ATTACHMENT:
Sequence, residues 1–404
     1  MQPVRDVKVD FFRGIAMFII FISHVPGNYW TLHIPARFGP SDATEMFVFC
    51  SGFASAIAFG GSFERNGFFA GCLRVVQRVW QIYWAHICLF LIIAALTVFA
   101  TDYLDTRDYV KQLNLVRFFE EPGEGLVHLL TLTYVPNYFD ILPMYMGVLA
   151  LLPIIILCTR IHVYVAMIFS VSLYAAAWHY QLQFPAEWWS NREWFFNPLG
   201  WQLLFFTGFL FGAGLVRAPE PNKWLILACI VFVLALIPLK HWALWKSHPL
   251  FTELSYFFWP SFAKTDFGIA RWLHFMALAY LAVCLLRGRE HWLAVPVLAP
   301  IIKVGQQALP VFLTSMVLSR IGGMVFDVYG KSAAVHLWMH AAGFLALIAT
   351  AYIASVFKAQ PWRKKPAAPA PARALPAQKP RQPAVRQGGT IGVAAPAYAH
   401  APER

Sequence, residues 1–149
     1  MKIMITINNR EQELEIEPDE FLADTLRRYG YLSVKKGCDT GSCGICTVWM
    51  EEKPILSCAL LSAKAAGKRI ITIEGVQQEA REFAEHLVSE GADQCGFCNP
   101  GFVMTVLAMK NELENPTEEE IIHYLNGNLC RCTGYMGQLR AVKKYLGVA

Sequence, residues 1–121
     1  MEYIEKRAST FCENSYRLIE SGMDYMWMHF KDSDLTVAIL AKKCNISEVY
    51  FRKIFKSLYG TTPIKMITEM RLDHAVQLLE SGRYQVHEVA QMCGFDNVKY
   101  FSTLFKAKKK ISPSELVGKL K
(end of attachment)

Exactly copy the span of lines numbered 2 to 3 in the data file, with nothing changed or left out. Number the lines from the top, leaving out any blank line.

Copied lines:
     1  MQPVRDVKVD FFRGIAMFII FISHVPGNYW TLHIPARFGP SDATEMFVFC
    51  SGFASAIAFG GSFERNGFFA GCLRVVQRVW QIYWAHICLF LIIAALTVFA